All the way back in April 2012, I wrote a post on BB creams. Fast forward almost two and a half years and the “alphabet cream” market has exploded! What does it all mean?
What’s a BB cream again?
BB stands for beauty balm, blemish balm or beblesh balm. They’re multipurpose products that provide colour and coverage, as well as additional skincare benefits – almost all BB creams will contain sun protection and moisturisers. Some will also contain anti-acne, anti-inflammatory, anti-ageing or pigmentation-fading ingredients. Essentially, they’re moisturising light foundations combined with skincare treatment and a sunscreen.
Alright, I get it… then what’s a CC cream?
CC stands for colour/complexion control/corrector. These get rid of spots immediately by covering them up, or by being a different colour from your skin so it can correct undertones (e.g. purple to correct yellow tones). A lot of CC creams are meant to be used as a base for foundation, but many can also be used as sheer foundation. Some CC creams are full coverage.
OK then, how about DD creams?
DD stands for daily defense or dynamic do-all or daily detox, amongst other things. They tend to focus on anti-ageing skincare.
Here’s where it starts to get really weird. No one on the EE bandwagon can agree what an EE cream should be – there’s “extra exfoliating”, which are wash-off cleansers; there’s “energy enhancing”, which is a night cream; there’s “elemental emulsion” which is a regular moisturiser; and there’s “enlighten even effect” which is one of the regular foundation + skincare alphabet creams.
(a) The “BB” “CC” “DD” “EE” labels don’t mean anything much anymore, except that it’s multipurpose make-up and skincare. (probably).
(b) You should approach “alphabet creams” as you would any other foundation – don’t assume they’re anything like each other just because of the label. Look up reviews on the individual products and test them yourself!
(c) They tend to come in less shades than regular foundations, which is a bit of a pain, but if you find a good formula that suits you then you’re golden.
(d) Keep in mind that it’s hard to make a formula that does everything really well (think about 2-in-1 shampoo/conditioners, for example) – the tradeoff for convenience is that some of the components might not be as effective as if you layered a bunch of products.
My experience with CC creams so far
I’ve had a few BB creams on high rotation (mainly Skin79 Pink Label and Maybelline Dream Pure BB), so I thought it was high time to try some CC creams. Here are 3 I trialled:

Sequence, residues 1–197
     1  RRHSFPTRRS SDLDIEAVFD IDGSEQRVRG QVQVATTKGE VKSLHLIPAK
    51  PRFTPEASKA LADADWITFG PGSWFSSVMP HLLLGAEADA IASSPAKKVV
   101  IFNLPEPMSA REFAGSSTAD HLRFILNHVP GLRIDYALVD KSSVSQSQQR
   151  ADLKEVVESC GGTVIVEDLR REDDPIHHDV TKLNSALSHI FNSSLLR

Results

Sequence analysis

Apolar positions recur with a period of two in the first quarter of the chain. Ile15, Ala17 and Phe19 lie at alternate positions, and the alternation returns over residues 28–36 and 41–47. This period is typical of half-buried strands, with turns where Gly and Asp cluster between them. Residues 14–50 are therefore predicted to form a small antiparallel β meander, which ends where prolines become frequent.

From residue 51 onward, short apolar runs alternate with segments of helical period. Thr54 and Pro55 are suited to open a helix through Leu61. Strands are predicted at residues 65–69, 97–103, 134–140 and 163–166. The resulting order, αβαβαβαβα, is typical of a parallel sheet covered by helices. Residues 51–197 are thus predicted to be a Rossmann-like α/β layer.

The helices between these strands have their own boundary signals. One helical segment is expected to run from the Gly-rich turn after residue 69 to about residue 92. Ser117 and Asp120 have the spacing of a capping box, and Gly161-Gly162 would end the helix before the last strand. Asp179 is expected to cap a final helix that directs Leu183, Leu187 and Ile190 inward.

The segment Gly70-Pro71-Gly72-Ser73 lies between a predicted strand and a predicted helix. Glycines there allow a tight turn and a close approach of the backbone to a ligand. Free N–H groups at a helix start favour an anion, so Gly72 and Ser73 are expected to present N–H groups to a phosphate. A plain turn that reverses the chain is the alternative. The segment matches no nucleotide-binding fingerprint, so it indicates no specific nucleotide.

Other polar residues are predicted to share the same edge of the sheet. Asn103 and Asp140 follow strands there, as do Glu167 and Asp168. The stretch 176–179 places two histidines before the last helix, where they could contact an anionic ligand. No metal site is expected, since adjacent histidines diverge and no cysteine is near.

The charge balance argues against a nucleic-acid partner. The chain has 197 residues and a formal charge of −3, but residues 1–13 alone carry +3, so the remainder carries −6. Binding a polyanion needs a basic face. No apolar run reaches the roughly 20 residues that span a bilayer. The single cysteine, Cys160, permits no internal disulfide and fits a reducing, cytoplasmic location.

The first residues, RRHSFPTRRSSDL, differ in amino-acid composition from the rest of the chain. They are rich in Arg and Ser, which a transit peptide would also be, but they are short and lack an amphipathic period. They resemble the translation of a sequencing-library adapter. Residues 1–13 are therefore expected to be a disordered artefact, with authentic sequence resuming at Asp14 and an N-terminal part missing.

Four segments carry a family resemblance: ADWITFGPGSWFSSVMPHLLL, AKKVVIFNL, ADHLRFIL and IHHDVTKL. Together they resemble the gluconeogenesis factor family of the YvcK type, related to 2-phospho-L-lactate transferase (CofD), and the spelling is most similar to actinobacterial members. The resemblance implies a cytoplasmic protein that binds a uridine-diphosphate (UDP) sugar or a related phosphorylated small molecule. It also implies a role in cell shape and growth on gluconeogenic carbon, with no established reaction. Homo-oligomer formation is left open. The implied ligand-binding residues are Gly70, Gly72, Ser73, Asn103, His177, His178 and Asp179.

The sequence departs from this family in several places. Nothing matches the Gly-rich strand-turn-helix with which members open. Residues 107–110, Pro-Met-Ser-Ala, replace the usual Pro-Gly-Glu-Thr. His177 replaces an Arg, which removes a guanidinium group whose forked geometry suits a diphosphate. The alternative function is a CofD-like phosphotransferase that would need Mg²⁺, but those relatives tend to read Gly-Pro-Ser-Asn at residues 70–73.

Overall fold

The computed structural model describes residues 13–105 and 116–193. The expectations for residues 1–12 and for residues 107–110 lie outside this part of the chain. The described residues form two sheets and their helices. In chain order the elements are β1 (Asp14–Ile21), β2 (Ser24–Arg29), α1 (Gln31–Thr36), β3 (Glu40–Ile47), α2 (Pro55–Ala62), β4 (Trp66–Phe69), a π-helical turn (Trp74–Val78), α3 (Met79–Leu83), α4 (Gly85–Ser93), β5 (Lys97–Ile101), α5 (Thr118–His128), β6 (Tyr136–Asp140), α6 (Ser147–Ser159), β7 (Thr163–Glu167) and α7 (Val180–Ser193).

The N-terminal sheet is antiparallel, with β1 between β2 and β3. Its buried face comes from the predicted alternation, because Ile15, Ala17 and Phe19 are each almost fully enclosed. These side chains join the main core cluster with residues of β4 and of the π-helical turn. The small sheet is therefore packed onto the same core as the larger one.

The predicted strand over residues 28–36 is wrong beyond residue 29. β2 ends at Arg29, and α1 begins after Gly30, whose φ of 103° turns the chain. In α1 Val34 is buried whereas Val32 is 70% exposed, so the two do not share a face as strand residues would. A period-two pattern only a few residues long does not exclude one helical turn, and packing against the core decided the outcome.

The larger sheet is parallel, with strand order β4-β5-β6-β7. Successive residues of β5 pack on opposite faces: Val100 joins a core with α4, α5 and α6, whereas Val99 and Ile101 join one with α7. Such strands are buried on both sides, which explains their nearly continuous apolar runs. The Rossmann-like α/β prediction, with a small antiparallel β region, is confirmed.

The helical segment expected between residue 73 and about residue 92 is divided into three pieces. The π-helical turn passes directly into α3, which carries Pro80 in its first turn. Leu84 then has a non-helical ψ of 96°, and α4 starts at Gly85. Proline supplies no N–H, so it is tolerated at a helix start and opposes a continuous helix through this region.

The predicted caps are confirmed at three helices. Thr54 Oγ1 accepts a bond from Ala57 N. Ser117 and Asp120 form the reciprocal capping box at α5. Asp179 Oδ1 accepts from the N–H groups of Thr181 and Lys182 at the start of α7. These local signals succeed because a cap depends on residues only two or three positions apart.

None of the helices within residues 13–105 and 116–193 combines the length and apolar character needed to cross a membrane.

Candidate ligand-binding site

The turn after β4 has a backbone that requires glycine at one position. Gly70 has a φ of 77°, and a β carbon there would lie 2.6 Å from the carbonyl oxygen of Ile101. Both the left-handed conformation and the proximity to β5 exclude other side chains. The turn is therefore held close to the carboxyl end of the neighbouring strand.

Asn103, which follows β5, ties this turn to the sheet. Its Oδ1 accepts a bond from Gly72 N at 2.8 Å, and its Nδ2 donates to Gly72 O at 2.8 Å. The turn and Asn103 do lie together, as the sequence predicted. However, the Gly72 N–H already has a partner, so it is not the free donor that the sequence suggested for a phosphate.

ulta3 CC cream – I was really excited to see ulta3 come out with more make-up since their nail polish is so good, but unfortunately the scent of this was too strong for me to handle. It applies very smoothly and it’s SPF 30 which is great, but it only comes in two shades (light-medium and medium-dark).
Essence All-in-One CC cream – This is also SPF30, and only seems to come in one shade, Natural. Unfortunately this shade is just a little too pink for my skin, although it does a great job of correcting my entire face to that shade of a-bit-too-pink. The finish is even and slightly dewy. Not a great fit for yellow-toned skin like mine, but worth a go for people with pinker skin.
Arbonne Intelligence CC cream – This one comes in 4 shades, more than the average alphabet cream. It’s amazing as a concealer – I applied very light smudges to some of the dark acne scars on my face and they disappeared immediately! Over my whole face though, Fair is a bit too pink, and I think I would’ve done better with Light instead. This is my favourite of the CC creams I’ve tried so far, but there’s still that annoying issue with colour matching and small shade range that plagues alphabet creams.
All in all, due to the limited options for shades with alphabet creams, I’m probably best off sticking to Asian brands which are more likely to cater for my skintone.
Which of the alphabet creams have you tried? Which is your favourite?
The products in this post were provided for editorial consideration, which did not affect my opinion. For more information, see Disclosure Policy.